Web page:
First Lines: Our train gnashed its way along frozen tracks toward the white-capped fangs of the Carpathian Mountains. From our position outside Bucharest, the capital of Romania, the peaks were the color of fading bruises.
A week or two after finishing Stalking Jack the Ripper, I put this book on hold at my e-library. With a 4.31 rating on Goodreads and given my enjoyment of the first book, I was really excited to get my hands on this one.
*Potential Series Spoilers Ahead*
After the horror and heartbreak of the Jack the Ripper case, Audrey Rose needs a fresh start. Heading from London to Romania with her too-charming-for-his-own-good companion Thomas, Audrey Rose soon learns Romania is no safer than England. Now, as they journey to join a prestigious forensic science school, they find themselves in the path of another serial killer. Mimicking the legends of Vlad the Impaler, this killer leaves few clues and many nightmares for those left asking…who is this brutal killer?
I know I’m starting to slip into the “unpopular opinion” category, but I had some problems with this book. Maybe I’m just nitpicking, but it did hurt my enjoyment of this book.
My first problem (and perhaps the biggest for me) was that I’ve figured out The Pattern. I’ve figured out what details are clues or are oddities I need to remember as soon as I read them. I’ve figured out how each clue is really a red herring and it never means what they think it means. I’ve figured out that every character–and therefore, none of them–is suspect.
Momentary interruption: I didn’t figure out the killer before the reveal. So there’s that.
Anyway, I just hated that for most of the book, I felt like I was more in tune with the mystery than the characters were. Whereas I felt like Thomas and Audrey Rose were smarter than me in the last book, I felt like the clever one this time around. That bothered me. The puzzle wasn’t as fun.
I’m also starting to have issues with the portrayal of feminism, which was something I loved last book. Last time, Audrey Rose was this scientific warrior crime solver who also loved big dresses and makeup–and that felt exactly on point. She could do “men’s work” while looking amazing if she wanted to. This time, she’s falling more into the “I’m tough because I wear pants” mentality and, for a story set in 1888, that just didn’t sit well with me. I think Audrey Rose would be a stronger character if she was allowed to be feminine and smart at the same time.
Which leads me to my next, slightly overlapping point. I didn’t feel like Audrey Rose’s character–or Thomas’s for that matter–were as strong this time. Piggybacking on the previous point, I thought Audrey Rose’s personality was contradictory. She’s aggressively aware of reputation and what is respectable. She frequently seems scandalized by the idea of holding Thomas’s hand or being alone with him in a carriage for five minutes–and yet she’s completely fine with breaking with the times and wearing pants or other spoilers I can’t mention? Yes, I know she’s breaking with the times already to be a woman in a man’s ghastly profession, but that’s core to her character. That’s who she is and her goals and ambitions revolve around it for the sole reason that she wants to help people and she wants to understand death. Changing a part of her personality to allow her to wear pants may seem like a little thing, but it’s just one more thing drawing the story away from its historical basis and using the time as a backdrop rather than an integral part of the story.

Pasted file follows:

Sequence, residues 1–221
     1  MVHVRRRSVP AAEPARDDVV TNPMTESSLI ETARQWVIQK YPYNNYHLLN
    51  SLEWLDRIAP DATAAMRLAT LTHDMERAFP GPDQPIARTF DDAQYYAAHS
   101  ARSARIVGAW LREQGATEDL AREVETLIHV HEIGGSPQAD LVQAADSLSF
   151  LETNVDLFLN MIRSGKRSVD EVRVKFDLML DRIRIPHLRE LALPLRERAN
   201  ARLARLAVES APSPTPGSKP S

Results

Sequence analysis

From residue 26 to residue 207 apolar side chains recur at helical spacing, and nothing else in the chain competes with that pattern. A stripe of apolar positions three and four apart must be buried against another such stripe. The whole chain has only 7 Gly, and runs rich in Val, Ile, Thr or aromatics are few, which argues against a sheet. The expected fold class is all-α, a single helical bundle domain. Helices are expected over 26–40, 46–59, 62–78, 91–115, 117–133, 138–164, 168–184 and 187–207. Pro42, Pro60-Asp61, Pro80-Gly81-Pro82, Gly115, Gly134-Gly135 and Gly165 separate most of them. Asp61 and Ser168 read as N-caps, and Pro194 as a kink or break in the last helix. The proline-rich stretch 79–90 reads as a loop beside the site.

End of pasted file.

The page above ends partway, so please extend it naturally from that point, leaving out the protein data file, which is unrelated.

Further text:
Oh, and don’t even get me started on the whole Dracula angle. I found it to be trite and eye-rollingly boring.
I know I’ve just probably rained on a few parades, but there were a few things I did like. There were moments where the mystery or the suspense was quite exciting. There are scenes that stick out in my memory for one reason or another.
The story is still macabre, if not quite as disgusting (until the end) as the previous book. And I did like that the story didn’t shy away from exploring PTSD in the characters. Audrey Rose endured a lot in the last book and when we catch up to her here, only a few weeks have gone by. She’s not ok. She’s hurting. And we get to see how that affects her. That was a very smart move on the author’s part and I appreciated that.
While this wasn’t my favorite, I will still be checking out the next book. Why not?